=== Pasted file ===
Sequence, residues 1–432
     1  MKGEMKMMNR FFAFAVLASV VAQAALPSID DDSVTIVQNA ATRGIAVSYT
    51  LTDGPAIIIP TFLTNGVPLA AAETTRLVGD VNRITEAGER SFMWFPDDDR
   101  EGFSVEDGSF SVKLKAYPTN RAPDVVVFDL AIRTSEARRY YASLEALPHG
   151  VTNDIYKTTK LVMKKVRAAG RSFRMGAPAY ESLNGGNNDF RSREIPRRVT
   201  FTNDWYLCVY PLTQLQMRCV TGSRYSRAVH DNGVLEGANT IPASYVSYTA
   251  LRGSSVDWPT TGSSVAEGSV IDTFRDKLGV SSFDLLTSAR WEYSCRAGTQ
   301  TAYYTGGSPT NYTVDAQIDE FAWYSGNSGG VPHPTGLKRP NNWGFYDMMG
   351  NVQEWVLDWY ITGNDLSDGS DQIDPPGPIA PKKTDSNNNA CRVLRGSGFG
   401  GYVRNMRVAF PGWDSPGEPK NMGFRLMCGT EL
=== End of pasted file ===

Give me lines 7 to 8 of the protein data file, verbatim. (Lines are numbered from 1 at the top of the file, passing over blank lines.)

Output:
   251  LRGSSVDWPT TGSSVAEGSV IDTFRDKLGV SSFDLLTSAR WEYSCRAGTQ
   301  TAYYTGGSPT NYTVDAQIDE FAWYSGNSGG VPHPTGLKRP NNWGFYDMMG